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Sunday, December 5, 2021

When the bikers come to town

At Irma's Fashions just off the main drag, Irma Bertuccio greets customers as she has for 66 years in this town on California's central coast.
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HOLLISTER, Calif. — At Irma’s Fashions just off the main drag, Irma Bertuccio greets customers as she has for 66 years in this town on California’s central coast.

In a print blouse and skirt, her hair curled into a prim cap, Bertuccio steps forward from another era, when the town’s ladies bought only dresses off her racks _ and when young toughs tearing around on motorcycles were about as sinister as you could get.

Bertuccio remembers when, back in 1947, men just home from the war roared into town on motorcycles. The ensuing party for several days launched a legacy of biker badness that still imbues almost every corner of Hollister.

“They were really wild,” says Bertuccio, softly giggling like she was recalling bridge players who got a little tipsy around the card table.

Years later, the annual revelry is bankrupting the town, some say, which led town leaders to pull sponsorship of this year’s rally, traditionally the first weekend in July.

But rally fans say nothing is going to stop their iconic pilgrimage that harkens back to that post-World War II landmark year.

That year, with monikers like the Boozefighters, the interlopers atop motorcycles ended up in the pages of Life magazine and as the inspiration for the 1953 Marlon Brando film, “The Wild Ones.”

The annual gathering never really ended, insist some of the most die-hard fans, and it picked up steam and city backing on the 50th anniversary in 1997, boosting it into a traffic-stopping annual rally that drew about 120,000 people into the town of 36,000 last year.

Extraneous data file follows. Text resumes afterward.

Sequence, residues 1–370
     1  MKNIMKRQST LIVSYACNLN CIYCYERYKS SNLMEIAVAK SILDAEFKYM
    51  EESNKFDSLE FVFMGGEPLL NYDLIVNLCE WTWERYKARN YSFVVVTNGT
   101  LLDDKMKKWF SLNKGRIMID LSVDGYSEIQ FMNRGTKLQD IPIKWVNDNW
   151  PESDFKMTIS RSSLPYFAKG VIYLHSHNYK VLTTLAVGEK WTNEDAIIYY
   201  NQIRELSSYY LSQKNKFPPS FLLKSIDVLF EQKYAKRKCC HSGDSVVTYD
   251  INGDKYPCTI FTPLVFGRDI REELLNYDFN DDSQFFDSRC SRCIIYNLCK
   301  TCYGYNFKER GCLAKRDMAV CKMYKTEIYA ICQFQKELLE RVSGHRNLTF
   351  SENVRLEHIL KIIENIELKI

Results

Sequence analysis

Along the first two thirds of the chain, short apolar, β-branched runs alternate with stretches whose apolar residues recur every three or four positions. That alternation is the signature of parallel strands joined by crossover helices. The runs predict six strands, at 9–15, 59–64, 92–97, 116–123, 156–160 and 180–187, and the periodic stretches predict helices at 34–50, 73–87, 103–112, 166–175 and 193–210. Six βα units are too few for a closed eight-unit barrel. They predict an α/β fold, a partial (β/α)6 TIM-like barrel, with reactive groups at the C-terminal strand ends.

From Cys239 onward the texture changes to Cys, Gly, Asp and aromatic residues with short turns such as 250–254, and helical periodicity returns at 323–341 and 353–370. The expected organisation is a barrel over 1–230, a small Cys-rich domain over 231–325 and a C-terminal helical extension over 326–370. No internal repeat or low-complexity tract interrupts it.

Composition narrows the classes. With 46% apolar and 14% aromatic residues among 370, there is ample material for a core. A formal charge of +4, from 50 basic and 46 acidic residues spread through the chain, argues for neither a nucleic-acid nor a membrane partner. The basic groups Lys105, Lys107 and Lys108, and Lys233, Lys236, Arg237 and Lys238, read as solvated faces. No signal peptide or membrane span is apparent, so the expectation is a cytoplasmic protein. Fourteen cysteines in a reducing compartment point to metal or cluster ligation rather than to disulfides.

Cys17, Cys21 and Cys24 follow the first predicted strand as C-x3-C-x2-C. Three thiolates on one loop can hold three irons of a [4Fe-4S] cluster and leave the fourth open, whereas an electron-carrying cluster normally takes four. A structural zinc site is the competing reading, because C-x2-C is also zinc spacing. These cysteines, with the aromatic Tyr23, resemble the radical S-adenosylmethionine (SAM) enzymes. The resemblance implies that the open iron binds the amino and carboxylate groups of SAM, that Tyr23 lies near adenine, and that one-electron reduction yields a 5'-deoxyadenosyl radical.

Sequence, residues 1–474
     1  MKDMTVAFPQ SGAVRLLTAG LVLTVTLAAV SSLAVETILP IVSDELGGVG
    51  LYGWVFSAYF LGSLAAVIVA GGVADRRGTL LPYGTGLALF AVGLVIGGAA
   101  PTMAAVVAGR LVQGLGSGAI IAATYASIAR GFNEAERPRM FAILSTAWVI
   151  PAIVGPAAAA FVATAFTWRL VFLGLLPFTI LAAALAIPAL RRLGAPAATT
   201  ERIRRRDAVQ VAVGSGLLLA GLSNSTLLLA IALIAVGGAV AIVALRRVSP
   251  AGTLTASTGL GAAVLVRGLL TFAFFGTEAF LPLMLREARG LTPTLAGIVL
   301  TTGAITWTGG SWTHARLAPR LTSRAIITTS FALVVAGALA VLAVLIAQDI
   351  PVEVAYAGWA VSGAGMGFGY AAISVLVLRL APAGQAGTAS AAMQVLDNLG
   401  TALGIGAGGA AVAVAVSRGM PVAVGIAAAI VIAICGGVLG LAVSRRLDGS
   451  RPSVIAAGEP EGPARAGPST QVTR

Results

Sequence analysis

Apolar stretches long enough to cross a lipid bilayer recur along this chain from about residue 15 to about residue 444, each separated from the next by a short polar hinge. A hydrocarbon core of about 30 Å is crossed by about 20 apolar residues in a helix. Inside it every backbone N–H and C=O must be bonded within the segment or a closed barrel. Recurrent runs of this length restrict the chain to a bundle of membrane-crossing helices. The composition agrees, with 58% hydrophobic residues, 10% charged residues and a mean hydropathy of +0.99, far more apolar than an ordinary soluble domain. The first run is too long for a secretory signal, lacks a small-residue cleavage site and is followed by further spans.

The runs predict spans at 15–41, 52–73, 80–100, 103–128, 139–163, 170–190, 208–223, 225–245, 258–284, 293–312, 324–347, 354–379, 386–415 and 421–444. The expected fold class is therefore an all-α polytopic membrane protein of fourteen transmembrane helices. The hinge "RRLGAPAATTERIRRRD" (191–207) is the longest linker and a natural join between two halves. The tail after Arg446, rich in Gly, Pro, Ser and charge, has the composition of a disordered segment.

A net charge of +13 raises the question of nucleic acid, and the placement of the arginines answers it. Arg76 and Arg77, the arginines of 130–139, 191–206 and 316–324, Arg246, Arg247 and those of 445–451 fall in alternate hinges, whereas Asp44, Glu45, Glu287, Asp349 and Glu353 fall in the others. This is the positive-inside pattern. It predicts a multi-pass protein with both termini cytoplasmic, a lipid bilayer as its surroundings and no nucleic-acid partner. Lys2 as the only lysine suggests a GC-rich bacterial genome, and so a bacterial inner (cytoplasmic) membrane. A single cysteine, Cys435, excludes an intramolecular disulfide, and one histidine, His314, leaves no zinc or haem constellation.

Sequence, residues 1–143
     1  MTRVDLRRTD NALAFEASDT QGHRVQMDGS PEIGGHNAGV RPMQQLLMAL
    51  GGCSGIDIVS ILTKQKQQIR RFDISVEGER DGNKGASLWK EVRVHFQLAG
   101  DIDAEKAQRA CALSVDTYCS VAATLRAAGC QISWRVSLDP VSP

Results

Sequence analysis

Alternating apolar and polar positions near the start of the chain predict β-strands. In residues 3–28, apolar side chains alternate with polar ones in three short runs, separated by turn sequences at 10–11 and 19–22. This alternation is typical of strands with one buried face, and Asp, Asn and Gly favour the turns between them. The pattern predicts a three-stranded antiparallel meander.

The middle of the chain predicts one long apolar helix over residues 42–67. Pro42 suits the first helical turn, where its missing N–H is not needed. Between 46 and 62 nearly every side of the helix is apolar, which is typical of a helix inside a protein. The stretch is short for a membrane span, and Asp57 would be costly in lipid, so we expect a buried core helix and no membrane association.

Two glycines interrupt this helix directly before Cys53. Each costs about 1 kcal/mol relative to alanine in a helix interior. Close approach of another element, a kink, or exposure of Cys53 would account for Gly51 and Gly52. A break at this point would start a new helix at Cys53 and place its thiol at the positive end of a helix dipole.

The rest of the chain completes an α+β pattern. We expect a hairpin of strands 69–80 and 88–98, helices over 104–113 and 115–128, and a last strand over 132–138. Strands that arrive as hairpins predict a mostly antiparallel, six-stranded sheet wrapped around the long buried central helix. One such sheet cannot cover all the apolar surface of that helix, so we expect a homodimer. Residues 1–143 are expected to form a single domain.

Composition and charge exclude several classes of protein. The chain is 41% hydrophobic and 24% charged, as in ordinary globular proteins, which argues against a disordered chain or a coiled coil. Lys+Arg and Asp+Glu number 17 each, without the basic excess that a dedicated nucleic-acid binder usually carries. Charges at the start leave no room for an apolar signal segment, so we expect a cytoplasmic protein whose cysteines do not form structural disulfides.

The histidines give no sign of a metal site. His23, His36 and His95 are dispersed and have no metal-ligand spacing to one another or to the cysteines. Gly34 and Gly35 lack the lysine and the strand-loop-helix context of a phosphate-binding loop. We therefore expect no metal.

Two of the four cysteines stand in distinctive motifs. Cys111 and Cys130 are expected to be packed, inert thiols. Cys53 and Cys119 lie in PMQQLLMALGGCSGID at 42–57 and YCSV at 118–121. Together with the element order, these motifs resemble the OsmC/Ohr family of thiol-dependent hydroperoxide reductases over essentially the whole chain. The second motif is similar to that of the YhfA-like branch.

The event _ which fans say shed its lawless leanings years ago _ closes several blocks of the main street. Parked motorcycles jam the curbs and the median while the owners shop vendors hawking everything from T-shirts to Brando posters. They linger for burgers and beers and, of course, admire other bikes.

Now, though, facing what the majority of the City Council believes is a $600,000 bill to host and police the rally, a majority of the council has nixed official ties to the event.

But that hasn’t stopped it.

“The faithful, they want to be here,” says Charisse Tyson, proprietor of Johnny’s Bar & Grill, Hollister’s main street homage to all things biker.

A bigger-than-life wooden cutout of a leather-clad Brando guards the front door, and just inside, the ashes of the man known as “Wino Willie” Forkner, founder of the Boozefighters club, rest enshrined inside a lighted shadowbox near where a hearty evening crowd bellies to the bar.

Through Internet buzz and word-of-mouth, Tyson figures at least 40,000 people will roll into town for the rally _ with or without the City Council’s blessing.

That’s 40,000 people without benefit maybe of enough city-rented portable toilets, city-paid daily garbage sweep-up, and city-fortified police muscle.

“That’s the only thing that scares me is the garbage and no Porta-Potties,” says Tyson, 46, who’s co-owner of a Harley Davidson Road King.

In this farm town _ the local high school fields the Haybalers _ the pending rally, or non-rally, promises to become a showdown of sorts between city leaders strapped for cash and rally fans who defy any whiff of cultural disdain for the roar of the road.

What’s a city to do?

“It wasn’t an issue of not liking the bikers,” says City Councilwoman Monica Johnson, who voted against supporting the rally in February. “It’s more an issue of representing the city of Hollister,” a city that could go broke in three years.

There’s a Plan B, she assures, a scaled-back one that anticipates maybe only about 20,000 people downtown for the first weekend in July.

Any vendors who do come and rent on private property must now provide portable toilets, she said.

Police Chief Jeff Miller won’t talk about what his plans are for policing the non-event, except to say his 29 officers and 27 San Benito County sheriff’s deputies all will be on duty.

If the city had sanctioned the rally, it would have had to agree up front to pay for outside police, including California Highway Patrol officers. Now, Miller can call in other agencies if trouble erupts, something called mutual aid, which is not charged to the city.

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